My daughter usually receives some sort of toy in her Easter basket. This year, given her interest in dragons, particularly red dragons, my husband and I decided to do something slightly different. Forget eggs from a rabbit (something that doesn’t make a heck of a lot of sense anyway): we were going with dragon eggs.
But I wasn’t quite sure how to play it out. The hiding of eggs is my husband’s ritual with her (the eggs they hard boil and dye) and so I rarely get involved in that part of it. I wanted to do something, though!
Subterfuge was required, because my daughter is 1) nosy, 2) suspicious, and 3) my kid. I deployed techniques gleaned from the Alaska State Troopers, such as “Put your hands where I can see them” and “On your knees. Cross your ankles. Do not look at me. Look away from me.”
Back to Easter: usually I just set something up on the ottoman downstairs. There’s a gift or two and she devours most of the candy, and that’s that.
This year, I had this to work with:
What to do? I had the dragons already, but how to use them? This is what I left on the ottoman:
Yeah, yeah, I know. I am not much of a poet at 2200, or anytime, really.
(The answer, of course, is “closet.”)
This is what’s being left in her closet once she finally goes to sleep.
Mike and Ike candy is pretty brutal when fired from a Playmobil cannon. Look at the carnage!
And here’s the last (because I figured it would be cruel to draw it out much longer).
Hopefully it meets with approval. If not, I stashed enough Cadbury eggs to bury my feelings in (while I finish my taxes).
In any case, I am so exhausted and hoping she doesn’t wake me up at 0530!
While Windageddon 2017 continues to rage, our power was only out for about an hour this morning. I’d been awake for hours, but I wasn’t really awake. I’ve been operating on little sleep, because pH has been so. very. sick. (That was why I was midnight-Googling “is it normal to for pus to come out of child’s eyes when sick?” and apparently the answer is yes, that is a thing. It is also a thing that no sleeping child wants a warm washcloth on her eyes and will fight like a bear if you try it, then yell that she can’t see anything.) I keep reminding myself how lucky I am that she rarely gets this sick. It’s not helping.
Anyway. I’m tired. The power was out. My brain said, “Look at those trees bent sideways! This is a GREAT time to talk about emergency preparedness!” I explained the concept of a bag you grab on your way out the door in emergencies. I handed pH a canvas bag the size of a grocery bag (please note: this was just a drill and she does have packs). I was curious to see what pH would come up with, because she was whirling around her room.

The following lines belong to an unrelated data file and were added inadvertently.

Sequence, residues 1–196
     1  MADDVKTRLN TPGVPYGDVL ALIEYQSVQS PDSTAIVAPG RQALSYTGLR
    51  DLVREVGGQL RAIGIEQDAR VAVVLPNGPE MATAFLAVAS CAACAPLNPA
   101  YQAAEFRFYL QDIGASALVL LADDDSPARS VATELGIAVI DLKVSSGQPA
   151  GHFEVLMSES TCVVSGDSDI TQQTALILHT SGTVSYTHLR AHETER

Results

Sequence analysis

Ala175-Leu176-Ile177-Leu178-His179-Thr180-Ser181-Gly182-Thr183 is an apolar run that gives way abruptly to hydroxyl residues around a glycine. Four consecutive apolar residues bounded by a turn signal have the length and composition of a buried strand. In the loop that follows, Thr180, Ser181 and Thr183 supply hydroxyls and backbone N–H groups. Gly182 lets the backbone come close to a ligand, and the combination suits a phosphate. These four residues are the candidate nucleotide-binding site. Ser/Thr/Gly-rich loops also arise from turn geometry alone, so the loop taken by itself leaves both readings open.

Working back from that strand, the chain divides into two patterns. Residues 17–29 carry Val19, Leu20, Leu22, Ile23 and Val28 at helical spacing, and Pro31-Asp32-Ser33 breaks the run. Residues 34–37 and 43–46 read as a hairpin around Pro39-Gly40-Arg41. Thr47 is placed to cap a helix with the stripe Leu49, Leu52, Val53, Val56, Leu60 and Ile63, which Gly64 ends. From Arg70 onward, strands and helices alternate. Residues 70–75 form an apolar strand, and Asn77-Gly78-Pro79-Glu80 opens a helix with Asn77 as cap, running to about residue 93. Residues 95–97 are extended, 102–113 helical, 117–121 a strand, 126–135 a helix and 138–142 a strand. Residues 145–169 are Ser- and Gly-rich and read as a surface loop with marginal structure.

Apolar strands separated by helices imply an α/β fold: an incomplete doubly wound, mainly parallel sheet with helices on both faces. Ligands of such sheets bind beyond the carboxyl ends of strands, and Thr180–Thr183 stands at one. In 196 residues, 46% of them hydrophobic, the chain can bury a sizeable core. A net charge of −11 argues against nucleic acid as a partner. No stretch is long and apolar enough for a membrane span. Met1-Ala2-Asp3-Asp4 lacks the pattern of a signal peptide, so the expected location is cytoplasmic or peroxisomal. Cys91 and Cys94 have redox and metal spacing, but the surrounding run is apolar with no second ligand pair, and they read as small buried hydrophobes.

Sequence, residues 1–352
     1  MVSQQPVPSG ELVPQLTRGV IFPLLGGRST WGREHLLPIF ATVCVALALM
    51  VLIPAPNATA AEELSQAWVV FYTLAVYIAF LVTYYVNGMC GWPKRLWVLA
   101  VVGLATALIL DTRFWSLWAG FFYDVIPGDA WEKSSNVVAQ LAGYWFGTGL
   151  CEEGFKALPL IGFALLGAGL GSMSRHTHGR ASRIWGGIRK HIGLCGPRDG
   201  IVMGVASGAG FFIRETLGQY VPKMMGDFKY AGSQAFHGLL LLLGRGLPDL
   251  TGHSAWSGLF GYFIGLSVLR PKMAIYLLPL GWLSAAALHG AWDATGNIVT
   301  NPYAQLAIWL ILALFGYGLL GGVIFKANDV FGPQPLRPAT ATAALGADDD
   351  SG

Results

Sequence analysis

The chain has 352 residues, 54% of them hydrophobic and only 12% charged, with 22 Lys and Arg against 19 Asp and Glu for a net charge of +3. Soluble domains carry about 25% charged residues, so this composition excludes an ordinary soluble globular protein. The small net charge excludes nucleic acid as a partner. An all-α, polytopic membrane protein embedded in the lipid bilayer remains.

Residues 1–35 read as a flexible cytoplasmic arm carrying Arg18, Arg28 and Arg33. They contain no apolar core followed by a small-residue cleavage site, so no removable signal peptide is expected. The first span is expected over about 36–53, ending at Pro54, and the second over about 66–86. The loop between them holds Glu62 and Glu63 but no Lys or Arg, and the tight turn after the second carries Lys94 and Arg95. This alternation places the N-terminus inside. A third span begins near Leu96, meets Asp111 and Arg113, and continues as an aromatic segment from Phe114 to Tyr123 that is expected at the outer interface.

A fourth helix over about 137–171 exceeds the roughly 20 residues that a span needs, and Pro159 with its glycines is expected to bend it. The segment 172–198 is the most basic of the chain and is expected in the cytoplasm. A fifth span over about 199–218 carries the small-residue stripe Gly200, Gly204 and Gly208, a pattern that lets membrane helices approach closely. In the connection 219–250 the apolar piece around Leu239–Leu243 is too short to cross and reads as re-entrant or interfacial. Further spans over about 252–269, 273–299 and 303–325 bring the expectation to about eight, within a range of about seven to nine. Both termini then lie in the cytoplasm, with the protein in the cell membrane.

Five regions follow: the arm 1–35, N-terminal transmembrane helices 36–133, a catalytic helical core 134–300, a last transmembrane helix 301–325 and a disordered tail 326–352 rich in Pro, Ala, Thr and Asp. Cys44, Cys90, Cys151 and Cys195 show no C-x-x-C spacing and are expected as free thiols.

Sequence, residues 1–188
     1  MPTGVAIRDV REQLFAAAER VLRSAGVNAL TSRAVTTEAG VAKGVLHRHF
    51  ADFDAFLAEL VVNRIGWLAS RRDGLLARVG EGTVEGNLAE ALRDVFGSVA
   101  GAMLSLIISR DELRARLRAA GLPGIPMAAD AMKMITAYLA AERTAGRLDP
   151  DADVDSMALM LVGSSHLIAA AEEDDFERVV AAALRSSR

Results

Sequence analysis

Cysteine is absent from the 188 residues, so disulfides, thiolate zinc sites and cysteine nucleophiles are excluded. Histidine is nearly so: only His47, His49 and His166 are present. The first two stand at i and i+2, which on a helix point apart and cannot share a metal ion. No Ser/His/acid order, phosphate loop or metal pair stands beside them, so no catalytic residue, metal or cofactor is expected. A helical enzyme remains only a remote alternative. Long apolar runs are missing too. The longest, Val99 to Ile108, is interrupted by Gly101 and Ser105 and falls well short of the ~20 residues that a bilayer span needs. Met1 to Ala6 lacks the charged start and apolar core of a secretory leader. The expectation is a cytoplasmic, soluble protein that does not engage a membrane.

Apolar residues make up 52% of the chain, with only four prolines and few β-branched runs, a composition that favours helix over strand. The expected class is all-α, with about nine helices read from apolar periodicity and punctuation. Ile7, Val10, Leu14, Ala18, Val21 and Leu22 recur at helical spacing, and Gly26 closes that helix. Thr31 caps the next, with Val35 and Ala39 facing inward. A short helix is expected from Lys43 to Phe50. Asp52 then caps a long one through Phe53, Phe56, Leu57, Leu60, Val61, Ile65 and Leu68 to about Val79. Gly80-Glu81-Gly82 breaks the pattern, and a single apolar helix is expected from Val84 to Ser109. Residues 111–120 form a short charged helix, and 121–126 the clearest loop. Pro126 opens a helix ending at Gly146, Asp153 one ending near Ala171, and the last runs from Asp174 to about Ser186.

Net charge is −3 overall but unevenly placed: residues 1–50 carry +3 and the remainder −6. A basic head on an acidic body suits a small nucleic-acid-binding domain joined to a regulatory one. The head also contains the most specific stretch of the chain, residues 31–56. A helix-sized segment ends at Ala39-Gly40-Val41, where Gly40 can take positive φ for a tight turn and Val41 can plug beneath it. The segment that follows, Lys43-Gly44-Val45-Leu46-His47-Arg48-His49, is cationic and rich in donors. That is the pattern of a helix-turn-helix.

Verdict: plush snow leopard, clouded leopard, amur leopard, arctic fox, and honey badger, along with a first aid kit, her Mora knife, and two mis-matched outfits. (But since she doesn’t care about mixing patterns, they weren’t mismatched to her.) We then talked about other stuff she might need, you know, like underwear or socks.
But she started to worry about the ferret. He has a little travel crate, but pH thought it would be a great idea for us to get a bag for him. And we did.
You guys, I was SO impressed with myself to think of putting the food in a bag in another container that was watertight! I wouldn’t have to bring a separate water dish. You would have thought I’d invented the wheel.
Here it is packed up:
Voila. (Meanwhile, I’ve decided that my emergency neutral will be navy.)
The neatest thing happened to me in the last 36 hours.
Years ago, kH purchased a 23AndMe kit for genetic analysis. It was pretty cool, especially since my “GOOD GOD YOU CAN’T POSSIBLY BE ANYTHING BUT SCOTTISH” hair and complexion turned out to be “OMG YOU ARE ALSO CRAZY AMOUNTS OF FRENCH, GERMAN, AND IBERIAN” with some Native, Ashkenazi, and African thrown in.
Maybe that’s why I haven’t gotten skin cancer yet.
But while the health reports were interesting, I already knew my genealogy, and I am so constantly deluged with questions about it from various sites that I almost never answer email. I’ve made the data available and it just remains to be found.
I noticed an email Sunday night from a woman (roughly my mother’s age) asking for help locating her (now long-deceased father). She’d discovered a woman the 23AndMe people estimate to be her grandmother with my grandmother’s maiden name.
I wrote her back, got some more information, hit my family tree, and took screenshots of the trees where I think she fit in, and also analyzed her DNA vs. mine, my brother’s, and the putative grandmother.
Definitely a cousin.
On the phone today, we talked a bit about what she knew (and I told her some family stories). Irony being what it is, her work took her to the very small area of the South our family came from–she is most likely surrounded by our cousins.
After I got off the phone, I pulled down the photo albums (you know those horrid things with gummy surfaces from the 70s and 80s) but I managed to pry a 1973 photo out with a knife, enough to read a name: her father’s name.